Season of Root Vegetables


Oh, this really is a tough time of the year for many , the month of reckoning after the Christmas splurge and all for what…. Can we even remember what we spent a lot of our hard-earned cash on or the presents we got….?
It’s an especially good time of the year to get creative in the kitchen, using inexpensive but deliciously satisfying ingredients in response to the cost-of-living crisis that’s spooking us all…
So back to basics… What’s in season at present, well of course the citrus fruits are at their very best but let’s think veg…
Once upon a time, root vegetables were our winter staples, they stored well at a time of the year when fresh fruit and vegetables were not so readily available.
Does anyone make a Root Pit anymore?
I remember when I was little, beetroot, carrots and Bramley apples were carefully stored for Winter in the garden in straw lined pits, covered with soil, a traditional way of preserving vegetables.
When I visited Faviken, the legendary 3 Star Michelin restaurant in Northern Sweden in the late 1990’s, Magnus Nielsen proudly showed me his root store beside the restaurant.
Well, one way or the other,  a wide range of root vegetables are now available in our shops and supermarkets. Try not to buy washed vegetables, they have less flavour and quite possibly,  less nutrients due to leaching as a result of the industrial washing process.
Think swede turnips, parsnips, celeriac, beetroot, black radishes, potatoes, Jerusalem artichokes… Of course, carrots are also a root vegetable but many of the carrots available at present are imported, partly because it’s becoming virtually impossible for Irish vegetable growers to stay in business because they’re not paid nearly enough to cover the cost of production…
We’re all losers in this race to the bottom. If this continues and sadly, I don’t see much reason to expect change any time soon there will be virtually no Irish vegetable grower left within a couple of years…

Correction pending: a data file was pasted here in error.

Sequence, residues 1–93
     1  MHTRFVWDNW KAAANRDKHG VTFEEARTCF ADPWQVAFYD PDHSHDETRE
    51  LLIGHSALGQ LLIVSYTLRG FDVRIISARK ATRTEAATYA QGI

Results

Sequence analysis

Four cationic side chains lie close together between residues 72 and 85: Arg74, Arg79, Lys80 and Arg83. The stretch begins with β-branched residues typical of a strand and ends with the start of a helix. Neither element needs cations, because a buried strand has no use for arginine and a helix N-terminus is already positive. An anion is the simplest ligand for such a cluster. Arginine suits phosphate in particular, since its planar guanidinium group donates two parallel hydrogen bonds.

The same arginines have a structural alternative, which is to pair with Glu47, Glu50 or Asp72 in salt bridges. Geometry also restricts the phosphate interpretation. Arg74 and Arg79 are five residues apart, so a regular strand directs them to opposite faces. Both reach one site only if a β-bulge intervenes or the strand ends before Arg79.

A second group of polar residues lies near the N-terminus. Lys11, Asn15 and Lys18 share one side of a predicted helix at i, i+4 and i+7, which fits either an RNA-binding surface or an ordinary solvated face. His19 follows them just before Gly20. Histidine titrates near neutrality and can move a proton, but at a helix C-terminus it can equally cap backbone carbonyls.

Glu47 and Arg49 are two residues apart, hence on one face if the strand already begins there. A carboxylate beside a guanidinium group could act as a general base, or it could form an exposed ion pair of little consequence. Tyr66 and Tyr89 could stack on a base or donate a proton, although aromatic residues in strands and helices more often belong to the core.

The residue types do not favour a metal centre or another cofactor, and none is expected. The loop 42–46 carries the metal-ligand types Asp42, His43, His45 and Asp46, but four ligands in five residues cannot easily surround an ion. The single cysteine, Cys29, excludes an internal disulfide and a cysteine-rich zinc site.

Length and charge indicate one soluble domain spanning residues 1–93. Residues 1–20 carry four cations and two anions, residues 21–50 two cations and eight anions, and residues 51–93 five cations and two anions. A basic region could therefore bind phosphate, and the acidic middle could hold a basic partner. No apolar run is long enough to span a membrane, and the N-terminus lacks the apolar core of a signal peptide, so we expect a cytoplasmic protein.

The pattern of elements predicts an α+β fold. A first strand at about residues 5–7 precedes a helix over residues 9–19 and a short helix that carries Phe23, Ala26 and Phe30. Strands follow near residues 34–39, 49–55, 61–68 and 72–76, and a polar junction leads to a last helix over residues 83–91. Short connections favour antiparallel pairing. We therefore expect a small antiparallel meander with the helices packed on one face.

Seek out fresh produce from local producers.  Small local shops and farmers’ markets are the best place to source this kind of produce, packed with the vitamins and minerals we need to get us healthily throughout these winter months.
Back in the kitchen, spices and fresh herbs are your friend to perk up root vegetables but don’t just think savoury. Virtually all the roots  can be incorporated into sweet dishes too and are also brilliant to spin out a little meat or to bulk up a stew or casserole.
The other advantage of root vegetables is their keeping qualities, you can use half a Swede turnip and use the remainder a week later.
Best to store roots in a cool dark place and they don’t need to be in the fridge, a covered box in the garage is fine.
 So here are a few suggestions for delicious rooty recipes, both sweet and savoury.  I particularly loved a pot of Bodice and Roots that I made recently with a sheet of bacon spareribs from my local butcher that cost just €7 and made a fine supper for eight of us.
If you are in Cork city, go along to the butchers in the English market,  particularly Kathleen Noone’s & O’Reilly’s Stall to find a whole selection of less expensive traditional cuts of pork and bacon. skirts and kidneys, pig’s tails, tripe and drisheen,  fresh and salted ribs…. The latter are endearingly known as bodice in Cork… all are delicious with root vegetables even if it’s just a big bowl of carrots and parsnip mash with a blob of good butter melting into the centre….

Mary Jo’s Bodice with Root Vegetables

This recipe makes a great big comforting, tasty pot that will feed the entire family for a few Euros.

Serves 8

1 bodice (bacon ribs), cut in 8 pieces

1 medium onion, 150g (5oz) approx.., cut into 8 wedges

300g (10oz) carrots, peeled and cut into 4cm (1 1/2 inch) chunks

300g (10oz) parsnips, peeled and cut into 4cm (1 1/2 inch) chunks

3/4 Swede turnip, cut into 4cm (1 1/2 inch) chunks

a  sprig fresh thyme, bay leaf and 2-3

parsley stalks

10-12 peppercorns